ORLANDO, FLA. — Structural polypropylene applications are now candidates for the use of Mucell microcellular foaming technology.
Nylon has been the main resin benefiting from Mucell to lower weight and costs, but Trexel Inc. and Asahi Kasei say their collaboration should extend Mucell to injection molded PP parts such as housings and auto parts. Trexel first announced the development at NPE 2015 in Orlando.
“A new flow-enhanced polypropylene can use Mucell to make parts with visual appearance about as good as conventionally molded parts,” said Trexel President and CEO Steve Braig.
Over the past year Trexel and Asahi worked on making a polyolefin suitable for Mucell. The joint effort led to success with a family of Asahi Kasei's Thermylene PP specialty compound grades. Not only did the work result in “excellent surface aesthetics,” but it also showed part weight could be cut by 10 percent along with warpage reduction. As well, cycle time was lowered.
“Several customers have shown interest in testing, and it's commercially available,” Braig noted.
Asahi Kasei will supply the special PP grades from its Fowlervillle, Mich., plant for world markets. The company is building a new compounding plant in Athens, Ala., that also could supply the compounds.
Attractive potential uses of the PP/Mucell system include molded-in color auto interior trim, pool and spa components, heavy truck parts and appliances and electrical items.
Also new from Trexel at NPE is a variation of Mucell that can be used to make small parts in the 0.3 to 5 ounce range. The T-100 Super Critical Fluid (SCF) dosing and delivery system solves technical challenges that have made using SCF difficult for small parts.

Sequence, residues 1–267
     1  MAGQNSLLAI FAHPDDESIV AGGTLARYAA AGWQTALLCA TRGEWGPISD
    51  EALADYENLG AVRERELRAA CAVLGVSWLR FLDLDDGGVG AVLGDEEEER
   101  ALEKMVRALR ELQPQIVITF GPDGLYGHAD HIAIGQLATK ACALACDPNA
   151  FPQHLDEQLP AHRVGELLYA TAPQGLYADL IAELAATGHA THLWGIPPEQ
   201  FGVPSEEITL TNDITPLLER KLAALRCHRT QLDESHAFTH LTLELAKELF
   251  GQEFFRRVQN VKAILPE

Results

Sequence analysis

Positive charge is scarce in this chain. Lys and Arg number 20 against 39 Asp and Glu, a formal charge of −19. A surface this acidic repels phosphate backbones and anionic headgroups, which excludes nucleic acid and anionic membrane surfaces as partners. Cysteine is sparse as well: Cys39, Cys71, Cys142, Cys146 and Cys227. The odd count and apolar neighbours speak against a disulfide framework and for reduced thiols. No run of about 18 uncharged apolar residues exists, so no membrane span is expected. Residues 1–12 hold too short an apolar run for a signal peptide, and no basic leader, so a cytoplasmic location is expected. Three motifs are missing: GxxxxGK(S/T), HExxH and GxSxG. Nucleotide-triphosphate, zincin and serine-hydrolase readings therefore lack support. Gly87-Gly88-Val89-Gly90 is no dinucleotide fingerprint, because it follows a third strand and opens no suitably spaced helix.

Braig said it has been difficult to get repeatable dosing of SCF nitrogen for small parts. As little as 20 milligrams of nitrogen would be injected into the polymer melt and such a small amount is difficult to control and disperse. That has been the main problem for SCF in small parts.
Economic arguments for using Mucell in small parts have been weak to date since relative material savings would be small. But many small parts require tight tolerances, a strong point of Mucell, Braig explained. Electrical connectors and complex components are examples of small parts that need tight tolerances.
SCFs are fluids that simultaneously exhibit properties of both gases and liquids.
Braig said current Mucell technology users can easily adopt the SCF system and it also can be installed on presses not using Mucell. The plasticizing screw in the injection press should by 18 to 45 millimeters for the T-100 series but larger screws are suited to the T-200 and T-300 series.
Carbon dioxide SCF is an option for the new technology. Another option is inline detection of nitrogen purity in the gas supply line, an important consideration in developing countries where nitrogen supply might by suspect. Braig said nitrogen purity of 99.9 percent is the target. Oxygen, the most common and problematic impurity in nitrogen supply, can cause polymer to yellow or even degrade.
Trexel also made a personnel announcement at NPE. Fabricio Soprano of Plastic Solutions was named exclusive sales representative in Brazil.
And Trexel announced that Braig has been reappointed to the U.S. Manufacturing Council by Secretary of Commerce Penny Pritzker for 2015 and 2016. The council was established in 2004 to serve as the principal private sector advisory body to the Secretary of Commerce on matters relating to the U.S. manufacturing industry.